When Fitbit launched its first “real” smartwatch, the Ionic, last fall, its target customer was clear. Between the many sensors, Fitbit Coach software, and (literally) edgy design, you could tell the Ionic was made for athletes — or at least those who consider themselves to be one.
Nothing wrong with that, of course, but what about the casual user? There are plenty of people who want to get in better shape, but aren’t so serious about it. One might even think they’re Fitbit’s primary demographic.
Well, rest easy, Jane and Joe Average — Fitbit has you covered with the Versa, a smartwatch meant for everyone. It’s cheaper, slimmer, and has fewer features: Whereas the Ionic has real GPS enhanced with Glonass positional tracking, the Versa has only Assisted GPS. The Ionic also features Fitbit Pay for wireless payments, whereas that feature is only available in a premium “special edition” Versa (in the U.S., anyway — for global models, every Versa has Fitbit Pay).
“We’ve been panning our entry into smartwatches for a while,” Fitbit CEO James Park told Mashable. “We had always planned a portfolio of products. Ionic was just a first step.”
The Versa has a new, slimmer design. Instead of hard edges, the Versa’s case has a “squircle” shape that looks like an iOS app icon that’s ready to pop. It all feels very Samsung, really.
The Samsung comparison is apt: The Versa, which you can preorder Tuesday and ships in April, directly competes with the Apple Watch more than any Fitbit product before it. Just as Apple bills its smartwatch as a great tool for everyday health and fitness, challenging you to complete various circles that measure your activity, the Versa shows you heath stats and fitness tracking at a glance, including workouts, sleep quality, heart rate, plus — for the first time on a Fitbit product — menstrual cycle tracking for women.
“It is designed to get better and better at predicting for you when your periods should be and where your fertile window should be,” says Dr. Kate White, a professor of gynecology and Fitbit advisor. “The fine-grain detail that the feature will capture will let you have a [better] conversation with your doctor.”
Female health tracking won’t be available at launch, instead coming in an update due in May. Users will be able to keep track of and see data on the device with the Versa and Ionic, while other Fitbit users will have it only via the app.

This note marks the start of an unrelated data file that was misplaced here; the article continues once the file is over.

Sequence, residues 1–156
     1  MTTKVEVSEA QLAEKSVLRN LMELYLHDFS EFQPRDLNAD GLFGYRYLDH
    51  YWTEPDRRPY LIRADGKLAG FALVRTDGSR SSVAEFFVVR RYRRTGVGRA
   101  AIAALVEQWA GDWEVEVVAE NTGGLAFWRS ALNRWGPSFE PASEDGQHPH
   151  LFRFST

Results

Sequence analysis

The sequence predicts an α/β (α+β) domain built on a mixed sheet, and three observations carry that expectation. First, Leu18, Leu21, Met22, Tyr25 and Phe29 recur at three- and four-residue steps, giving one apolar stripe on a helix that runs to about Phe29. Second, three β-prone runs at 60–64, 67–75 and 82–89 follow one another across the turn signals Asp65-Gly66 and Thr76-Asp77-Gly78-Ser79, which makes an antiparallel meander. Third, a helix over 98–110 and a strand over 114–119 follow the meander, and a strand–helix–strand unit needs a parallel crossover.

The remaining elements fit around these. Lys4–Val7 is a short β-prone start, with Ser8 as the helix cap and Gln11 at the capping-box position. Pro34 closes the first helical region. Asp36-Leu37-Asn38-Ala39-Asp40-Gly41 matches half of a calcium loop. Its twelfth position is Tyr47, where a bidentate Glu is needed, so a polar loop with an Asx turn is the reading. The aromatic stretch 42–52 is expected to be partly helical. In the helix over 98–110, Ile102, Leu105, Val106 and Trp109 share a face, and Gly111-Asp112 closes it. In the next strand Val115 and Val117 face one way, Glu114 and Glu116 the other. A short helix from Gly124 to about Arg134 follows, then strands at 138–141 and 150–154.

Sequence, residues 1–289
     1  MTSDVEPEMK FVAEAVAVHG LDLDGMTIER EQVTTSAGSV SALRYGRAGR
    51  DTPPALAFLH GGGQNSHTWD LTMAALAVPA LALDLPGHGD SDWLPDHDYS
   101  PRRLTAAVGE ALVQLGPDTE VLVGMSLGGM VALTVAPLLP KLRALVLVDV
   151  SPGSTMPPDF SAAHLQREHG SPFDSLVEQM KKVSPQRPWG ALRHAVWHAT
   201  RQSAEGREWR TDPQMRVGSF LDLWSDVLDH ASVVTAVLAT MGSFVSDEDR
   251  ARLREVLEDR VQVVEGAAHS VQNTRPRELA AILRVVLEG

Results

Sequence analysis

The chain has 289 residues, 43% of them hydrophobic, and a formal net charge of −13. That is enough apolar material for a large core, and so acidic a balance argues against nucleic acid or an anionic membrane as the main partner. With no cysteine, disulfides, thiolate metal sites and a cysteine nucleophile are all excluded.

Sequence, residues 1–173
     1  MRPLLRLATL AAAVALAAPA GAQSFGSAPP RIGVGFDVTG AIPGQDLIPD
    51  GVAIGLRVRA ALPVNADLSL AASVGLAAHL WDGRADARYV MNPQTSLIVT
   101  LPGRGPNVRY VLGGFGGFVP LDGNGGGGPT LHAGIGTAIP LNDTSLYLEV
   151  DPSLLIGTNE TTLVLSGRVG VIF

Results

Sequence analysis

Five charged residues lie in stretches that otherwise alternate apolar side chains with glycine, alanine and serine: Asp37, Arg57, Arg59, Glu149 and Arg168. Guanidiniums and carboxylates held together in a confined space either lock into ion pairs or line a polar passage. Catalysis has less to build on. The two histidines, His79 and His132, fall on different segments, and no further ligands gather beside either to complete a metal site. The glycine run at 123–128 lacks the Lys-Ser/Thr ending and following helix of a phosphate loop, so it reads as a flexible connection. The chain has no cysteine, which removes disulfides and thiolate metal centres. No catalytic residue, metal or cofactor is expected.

When it launched the Ionic, Fitbit debuted its own smartwatch operating system, Fitbit OS. The Versa launches with Fitbit OS 2.0, which gives users more information directly on the watch (as opposed to needing to launch the app). On Android, users also get smart replies for texting and some messaging apps like Messenger and WhatsApp. Fitbit says it’s working on bringing similar functionality to iOS, but has been stymied by Apple’s “closed system.”
There’s also a new way to enjoy music: In addition to Pandora, Paris-based Deezer now has a music app for Fitbit OS. The Versa has room for up to 300 songs, and now some of them can be Deezer playlists, including the service’s Flow feature, which automatically creates personalized playlists for you. Of course, you’ll need to subscribe to Deezer, which costs $9.99 a month, though the service offers a three-month trial.
I got a chance to try out the Fitbit Versa at a launch event in New York City. While the unit was a demo model and I wasn’t able to pair it with my phone, most of the functionality worked, and the user interface was pretty much final.
Right off the bat I was impressed by how light the smartwatch was. The silicone strap was very comfortable (there are metal and leather options as well), although there’s a hook on the loop you tuck the band into that makes it slightly harder to put on — though that same hook ensures the loop doesn’t slide around, which is nice.
The Versa has three buttons, two on the right and one the left, as well as a touchscreen. That strikes me as one button too many, though I’ll reserve judgment until I can give it a full review. The screen was sharp and bright, and it responded well to touch. Starting a workout is as easy as pressing the top-right button, scrolling to your desired activity (running, cycling, etc.), and tapping the screen a couple of times. That’s at least a couple of steps fewer than on the Apple Watch (though your mileage may vary there if you’ve customized your watch face).
I was a little bummed that changing the watch face isn’t that easy — you need to use the app to do that — but it’s a trade-off I could live with.
One of the big advantages of Fitbit doing its own OS is battery life. Fitbit claims the Versa will get you 4+ days of battery life between charges. The company made similar promises about the Ionic at launch, and when we reviewed it, we found that the watch was still going after more than four days of use.
The Fitbit Versa has an aluminum case and comes in three colors: charcoal black, light gray, and rose gold, with silicone bands to match. The regular model costs $199.95, and the Special Edition, which includes Fitbit Pay and comes with a premium watch band, costs $229.95. Alternate bands cost between $29.95 and $99.95.
By comparison, the current Apple Watch Series 3 starts at $329, so the Versa is in a much better place to compete than the Ionic, which costs $299.95. And with Deezer, Fitbit now has a better option than just Pandora (which launched with the Ionic). It’s doubtful anyone could unseat the Apple Watch from its perch as king of wearables at this point, but for fitness-conscious folks disappointed with the options on the Android side, the Fitbit Versa could be workout buddy you’re looking for.
Fitbit is also launching a new fitness tracker for kids, the Fitbit Ace.
Correction: This piece originally implied female health tracking would also be available on the Fitbit Alta HR, but the feature’s on-device functionality is limited to the Versa and Ionic smartwatches.